Locals will forgive you for thinking you've seen what the Marlborough Sounds are all about after crossing from the North Island to the South Island on the ferry—in reality, it's just a taste of better things to come. Picton is the base for cruising in this labyrinth of waterways that formed when the rising sea invaded a vast area of river valleys at the northern tip of the South Island. Backed by forested hills that rise gently from the water, the Sounds consist of sheltered bays and deep waterways, some little-changed since Captain Cook found refuge here in the 1770s. The Sounds are a wild, majestic place edged with tiny beaches and rocky coves and studded with islands where native wildlife is free from introduced animal predators. Māori legend tells how the Sounds were formed when a great warrior and navigator called Kupe fought with a giant octopus, Te Wheke. Its thrashings separated the surrounding mountains, and its tentacles became parts of the sunken valleys. You can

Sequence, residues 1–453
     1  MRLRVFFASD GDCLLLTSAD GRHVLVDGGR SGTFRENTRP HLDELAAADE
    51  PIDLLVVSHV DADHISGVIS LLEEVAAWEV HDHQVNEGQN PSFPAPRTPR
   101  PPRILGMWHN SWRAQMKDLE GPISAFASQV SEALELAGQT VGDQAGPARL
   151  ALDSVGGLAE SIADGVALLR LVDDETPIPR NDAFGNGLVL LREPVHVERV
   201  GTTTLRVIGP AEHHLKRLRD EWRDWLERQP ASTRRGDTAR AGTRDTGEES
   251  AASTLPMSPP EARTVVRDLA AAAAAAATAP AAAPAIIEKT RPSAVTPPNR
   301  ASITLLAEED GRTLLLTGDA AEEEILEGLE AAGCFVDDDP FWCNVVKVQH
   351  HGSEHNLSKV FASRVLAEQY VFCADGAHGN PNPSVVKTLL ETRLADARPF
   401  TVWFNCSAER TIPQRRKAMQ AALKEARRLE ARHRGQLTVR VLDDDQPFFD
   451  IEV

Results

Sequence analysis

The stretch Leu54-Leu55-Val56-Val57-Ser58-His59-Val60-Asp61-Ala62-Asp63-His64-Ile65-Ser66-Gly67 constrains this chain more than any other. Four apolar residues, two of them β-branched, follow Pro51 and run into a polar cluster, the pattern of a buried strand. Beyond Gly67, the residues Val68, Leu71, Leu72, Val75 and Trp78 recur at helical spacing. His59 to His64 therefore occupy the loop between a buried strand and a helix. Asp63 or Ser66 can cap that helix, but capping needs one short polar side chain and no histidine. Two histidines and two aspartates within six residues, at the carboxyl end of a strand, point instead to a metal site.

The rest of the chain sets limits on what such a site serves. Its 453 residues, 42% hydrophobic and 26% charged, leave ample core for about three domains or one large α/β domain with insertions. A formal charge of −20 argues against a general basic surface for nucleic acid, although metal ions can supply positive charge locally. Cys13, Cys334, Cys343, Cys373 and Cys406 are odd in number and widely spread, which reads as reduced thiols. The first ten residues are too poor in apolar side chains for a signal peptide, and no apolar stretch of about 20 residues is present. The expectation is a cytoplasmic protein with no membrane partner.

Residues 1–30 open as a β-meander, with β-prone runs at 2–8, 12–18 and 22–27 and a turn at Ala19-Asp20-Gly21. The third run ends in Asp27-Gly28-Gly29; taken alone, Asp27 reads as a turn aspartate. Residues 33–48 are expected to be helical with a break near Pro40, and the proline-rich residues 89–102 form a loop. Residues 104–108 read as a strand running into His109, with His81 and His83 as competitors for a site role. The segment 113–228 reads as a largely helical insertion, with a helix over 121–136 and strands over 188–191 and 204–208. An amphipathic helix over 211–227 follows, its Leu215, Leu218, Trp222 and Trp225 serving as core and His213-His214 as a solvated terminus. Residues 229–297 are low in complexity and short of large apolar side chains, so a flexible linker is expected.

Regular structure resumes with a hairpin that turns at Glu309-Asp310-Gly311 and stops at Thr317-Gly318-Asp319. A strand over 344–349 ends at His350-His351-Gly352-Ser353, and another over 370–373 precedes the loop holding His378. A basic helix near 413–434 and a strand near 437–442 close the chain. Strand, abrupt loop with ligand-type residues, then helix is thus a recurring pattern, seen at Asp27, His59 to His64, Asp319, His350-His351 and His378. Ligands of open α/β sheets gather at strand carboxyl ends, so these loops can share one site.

hop on board the mail operator boats as they deliver the mail, groceries, and farming supplies to isolated residents and farms. From Havelock the Pelorus Mail Boat delivers mail and supplies to outlying settlements scattered around Pelorus Sound. To get on the ground in and around the Sounds, you can walk or cycle part or all of the scenic Queen Charlotte Track.